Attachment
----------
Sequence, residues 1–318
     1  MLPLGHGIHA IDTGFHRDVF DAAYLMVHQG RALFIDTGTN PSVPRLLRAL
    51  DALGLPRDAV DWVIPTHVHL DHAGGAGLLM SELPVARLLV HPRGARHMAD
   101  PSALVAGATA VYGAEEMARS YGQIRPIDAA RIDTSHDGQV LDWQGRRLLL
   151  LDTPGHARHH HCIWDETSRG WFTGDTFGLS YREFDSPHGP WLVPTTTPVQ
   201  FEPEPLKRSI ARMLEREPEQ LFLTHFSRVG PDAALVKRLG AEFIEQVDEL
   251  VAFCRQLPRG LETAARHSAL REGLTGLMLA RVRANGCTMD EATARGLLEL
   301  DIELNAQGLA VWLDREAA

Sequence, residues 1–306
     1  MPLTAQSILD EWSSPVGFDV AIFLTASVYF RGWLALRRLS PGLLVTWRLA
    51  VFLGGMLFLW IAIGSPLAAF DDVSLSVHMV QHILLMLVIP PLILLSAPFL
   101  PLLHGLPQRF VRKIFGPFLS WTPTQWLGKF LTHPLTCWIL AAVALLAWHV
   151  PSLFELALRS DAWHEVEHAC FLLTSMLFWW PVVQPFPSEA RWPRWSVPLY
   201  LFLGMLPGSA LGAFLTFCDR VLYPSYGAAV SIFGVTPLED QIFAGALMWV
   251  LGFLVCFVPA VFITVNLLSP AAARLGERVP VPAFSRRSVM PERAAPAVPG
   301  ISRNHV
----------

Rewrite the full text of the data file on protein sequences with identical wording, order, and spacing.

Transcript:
Sequence, residues 1–318
     1  MLPLGHGIHA IDTGFHRDVF DAAYLMVHQG RALFIDTGTN PSVPRLLRAL
    51  DALGLPRDAV DWVIPTHVHL DHAGGAGLLM SELPVARLLV HPRGARHMAD
   101  PSALVAGATA VYGAEEMARS YGQIRPIDAA RIDTSHDGQV LDWQGRRLLL
   151  LDTPGHARHH HCIWDETSRG WFTGDTFGLS YREFDSPHGP WLVPTTTPVQ
   201  FEPEPLKRSI ARMLEREPEQ LFLTHFSRVG PDAALVKRLG AEFIEQVDEL
   251  VAFCRQLPRG LETAARHSAL REGLTGLMLA RVRANGCTMD EATARGLLEL
   301  DIELNAQGLA VWLDREAA

Sequence, residues 1–306
     1  MPLTAQSILD EWSSPVGFDV AIFLTASVYF RGWLALRRLS PGLLVTWRLA
    51  VFLGGMLFLW IAIGSPLAAF DDVSLSVHMV QHILLMLVIP PLILLSAPFL
   101  PLLHGLPQRF VRKIFGPFLS WTPTQWLGKF LTHPLTCWIL AAVALLAWHV
   151  PSLFELALRS DAWHEVEHAC FLLTSMLFWW PVVQPFPSEA RWPRWSVPLY
   201  LFLGMLPGSA LGAFLTFCDR VLYPSYGAAV SIFGVTPLED QIFAGALMWV
   251  LGFLVCFVPA VFITVNLLSP AAARLGERVP VPAFSRRSVM PERAAPAVPG
   301  ISRNHV